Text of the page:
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About The Production
Well regarded—and Oscar-nominated—for films in his native country, Swedish writer/director Mikael Håfström gained the attention of American audiences and critics alike with the lurid 2005 thriller "Derailed,” starring Clive Owen and Jennifer Aniston as adulterous business executives. His latest effort, an adaptation of Stephen King's chilling short story "1408,” takes Håfström into a completely different world, one created by the undisputed master of horror. Håfström felt confident taking the helm of only his second English language film, however, when principal photography began on "1408” in London.

He was pleased to be surrounded by most of his "Derailed” crew: Oscar1408 nominated editor Peter Boyle, costume designer Natalie Ward, and production designer Andrew Laws. Director of photography Benoît Delhomme rounded out the creative team.

Furthermore, "We had a great script,” Håfström says, referring to the adaptation by prolific horror scribe Matt Greenberg and Golden Globe-winning screenwriters Larry Karaszewski and Scott Alexander. "And we had great actors.”

The lead player was John Cusack, one of Hollywood's most popular and versatile actors, who had come aboard the project to play tormented author Mike Enslin. The actor had seen "Evil,” Håfström's 2004 drama that was nominated for an Oscar for Best Foreign Language film, and was "very impressed by it. I really liked that film, and I thought he was very talented,” explains Cusack. "Mikael's got a real wisdom about how to approach these things.

"He's Swedish, and Swedes are very nice, but they have this great sense of foreboding,” he adds. "They're definitely in touch with their inner doom.”

Håfström was delighted to be directing Cusack, a star known not only for his acting ability, but his likeability. "Men like him and women like him,” says Håfström. "He brought that likeability to this cynical character.”

Cusack's ability to endear himself to audiences was essential to the success of the narrative, says Håfström. "It was very important that we set Enslin up so that the audience wants to follow him through this journey,” he says. "The audience needs to not only understand him and where he is in life, but like him.”

To prepare for his role, Cusack read the Stephen King short story on which the film is based. It was originally part of an audio book and subsequently published in the 2002 short story collection "Everything's Eventual."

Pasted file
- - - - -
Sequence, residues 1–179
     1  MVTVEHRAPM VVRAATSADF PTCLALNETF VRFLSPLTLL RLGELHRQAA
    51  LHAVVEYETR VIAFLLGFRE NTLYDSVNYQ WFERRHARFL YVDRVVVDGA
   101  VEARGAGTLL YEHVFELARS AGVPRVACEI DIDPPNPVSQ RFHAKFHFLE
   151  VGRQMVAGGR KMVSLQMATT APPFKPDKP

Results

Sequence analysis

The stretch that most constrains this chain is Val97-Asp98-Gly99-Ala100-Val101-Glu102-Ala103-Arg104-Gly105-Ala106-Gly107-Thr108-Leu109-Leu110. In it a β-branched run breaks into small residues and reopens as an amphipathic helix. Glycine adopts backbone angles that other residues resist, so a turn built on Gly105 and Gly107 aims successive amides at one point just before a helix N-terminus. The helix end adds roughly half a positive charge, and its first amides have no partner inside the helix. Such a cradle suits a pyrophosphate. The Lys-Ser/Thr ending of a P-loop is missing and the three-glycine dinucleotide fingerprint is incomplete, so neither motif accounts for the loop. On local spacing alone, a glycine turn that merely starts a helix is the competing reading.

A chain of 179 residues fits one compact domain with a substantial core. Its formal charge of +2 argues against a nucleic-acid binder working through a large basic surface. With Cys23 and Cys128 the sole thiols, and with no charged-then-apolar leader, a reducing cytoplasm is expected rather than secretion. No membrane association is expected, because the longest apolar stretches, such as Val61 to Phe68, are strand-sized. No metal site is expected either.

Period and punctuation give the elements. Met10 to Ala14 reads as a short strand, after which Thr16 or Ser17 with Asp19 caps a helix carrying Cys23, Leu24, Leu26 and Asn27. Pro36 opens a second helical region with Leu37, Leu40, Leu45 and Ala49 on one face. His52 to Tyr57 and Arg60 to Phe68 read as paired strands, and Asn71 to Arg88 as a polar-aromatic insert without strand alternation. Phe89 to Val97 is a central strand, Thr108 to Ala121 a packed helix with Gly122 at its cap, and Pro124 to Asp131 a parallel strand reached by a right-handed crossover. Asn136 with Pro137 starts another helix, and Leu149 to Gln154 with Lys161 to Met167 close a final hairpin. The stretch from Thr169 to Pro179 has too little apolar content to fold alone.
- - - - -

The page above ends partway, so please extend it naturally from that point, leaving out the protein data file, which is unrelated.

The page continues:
"It's really terrific, and it's a lot of fun,” he says. "King is a master storyteller, but he also has a kind of pulp sensibility. He knows how to make these stories really juicy and terrifying and vibrant.

"I don't know how he knows how to scare people so intensely, or where those impulses come from, but King is definitely channeling some spirits and demons,” continues Cusack.

Cusack's character writes novels about famous haunted houses and other spine-tingling places around the world, exploring all manner of myths and legends along the way. He's also experienced a profound tragedy in his life. Håfström describes Enslin as a wayward soul still suffering from the loss of his young daughter. "He is a guy who has lost his way,” says the director. "He's sad and depressed, and he's searching for something.”

After receiving a tantalizingly vague postcard alluding to the 1408 mystery, Enslin decides the story will provide the material for the last chapter in his new book, "Haunted Hotel Rooms.” Enslin checks in to New York's Dolphin Hotel and meets Mr. Olin, the hotel's general manager. "Enslin sees 1408 as part of an elaborate con Olin and his staff are pulling,” says Cusack. "If I write about it, the hotel's bookings go up fifty percent.”

Soon, however, "Things start to really happen and it becomes a Hotel California,” says Cusack. "The r


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